, Costa Rica – Consumer Access to Justice

Costa Rica – Consumer Access to Justice

In the Official Gazette La Gaceta No. 76, dated May 3, 2023, Law No. 10360, “Law on Access to Justice for Consumers”, was published. This law significantly amends Law 7472, the Law on Promotion of Competition and Effective Consumer Protection, as follows:

Firstly, it grants the National Consumer Commission (CNC) the authority to declare null and void any abusive clauses in adhesion contracts, except for contracts in the financial sector. Regarding the enforcement of resolutions, the following provisions are established to grant executive title status to the sanctions and orders issued by the CNC:

  • Resolutions that impose fines will be enforceable through a certification with the value of an executive title, issued in favor of the Office of the Attorney General of the Republic, for execution on behalf of the State.
  • Fines and resolutions that order the return of sums of money can be backed by a certification issued by the CNC, which will constitute an executive title.
  • Resolutions that consist of orders to deliver, repair, or replace goods in favor of consumers can be executed through a judgment enforcement process in civil court (according to the Civil Procedure Code).
  • When the suspension of installment sales is ordered, the execution of guarantees provided in favor of the Ministry of Economy, Industry, and Commerce (MEIC) will be declared in the same act.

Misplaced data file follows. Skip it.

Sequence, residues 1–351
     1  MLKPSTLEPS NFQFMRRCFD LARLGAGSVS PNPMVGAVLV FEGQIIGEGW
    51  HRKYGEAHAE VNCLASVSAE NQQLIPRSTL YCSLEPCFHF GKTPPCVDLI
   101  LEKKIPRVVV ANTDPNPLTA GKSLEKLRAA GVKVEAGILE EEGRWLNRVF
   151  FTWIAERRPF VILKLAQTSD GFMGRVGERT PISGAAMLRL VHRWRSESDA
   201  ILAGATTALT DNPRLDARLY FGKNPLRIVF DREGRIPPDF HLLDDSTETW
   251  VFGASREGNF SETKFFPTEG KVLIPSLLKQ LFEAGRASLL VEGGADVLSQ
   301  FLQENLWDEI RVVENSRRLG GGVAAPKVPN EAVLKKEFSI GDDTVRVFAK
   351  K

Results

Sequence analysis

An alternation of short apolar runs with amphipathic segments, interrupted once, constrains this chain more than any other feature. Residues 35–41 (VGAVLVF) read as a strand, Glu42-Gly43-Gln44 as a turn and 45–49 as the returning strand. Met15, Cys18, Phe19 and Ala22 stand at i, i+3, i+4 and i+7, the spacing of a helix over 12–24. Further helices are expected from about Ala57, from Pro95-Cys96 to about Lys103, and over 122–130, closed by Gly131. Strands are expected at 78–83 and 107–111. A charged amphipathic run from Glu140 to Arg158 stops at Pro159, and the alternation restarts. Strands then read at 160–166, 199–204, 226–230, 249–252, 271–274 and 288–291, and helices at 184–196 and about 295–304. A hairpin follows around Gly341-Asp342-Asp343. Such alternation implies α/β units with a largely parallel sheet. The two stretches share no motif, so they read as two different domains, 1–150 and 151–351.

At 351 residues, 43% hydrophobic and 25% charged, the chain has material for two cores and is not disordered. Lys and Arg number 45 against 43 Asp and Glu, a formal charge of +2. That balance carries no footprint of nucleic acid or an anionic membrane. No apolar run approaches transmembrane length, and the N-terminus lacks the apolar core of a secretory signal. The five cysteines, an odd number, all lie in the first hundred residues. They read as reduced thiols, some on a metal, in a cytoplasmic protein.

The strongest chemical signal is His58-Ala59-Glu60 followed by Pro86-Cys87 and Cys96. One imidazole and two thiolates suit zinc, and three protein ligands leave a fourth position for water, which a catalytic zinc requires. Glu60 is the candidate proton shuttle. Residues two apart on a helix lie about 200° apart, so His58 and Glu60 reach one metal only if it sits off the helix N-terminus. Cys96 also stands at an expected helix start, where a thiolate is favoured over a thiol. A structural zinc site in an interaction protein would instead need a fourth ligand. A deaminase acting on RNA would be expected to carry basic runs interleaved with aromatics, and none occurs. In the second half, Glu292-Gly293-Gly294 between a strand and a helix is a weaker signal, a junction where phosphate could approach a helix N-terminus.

Regarding the administrative procedure, the period for filing claims is extended from two (2) to six (6) months. This period can be extended for an additional six months if the consumer demonstrates to the CNC that the reported provider/business did not satisfactorily resolve the issue within the first six months. Additionally, to expedite consumer complaints and their handling, the law establishes an obligation for merchants to designate at least one representative and an email address to receive notifications when a complaint is filed against them. This contact information will continue to be used for future notifications related to new cases against the same business. Merchants are required to ensure compliance with this obligation and to keep the email address active and/or updated for such notifications. Otherwise, automatic notification will be applied.

For the amount of the penalties established, the reform uses the base salary of an Office Clerk 1, as determined by the Superior Council of the Judiciary, as a reference.

Finally, Article 59 is amended, removing two criteria for determining sanctions and adding one aggravating and one mitigating factor:

  • Negligence in timely remediation by the sanctioned party, as an aggravating factor.
  • Comprehensive and timely compensation to the affected consumer, as a mitigating factor.


For more information, please contact info@central-law.com

Gian María Berello
Costa Rica

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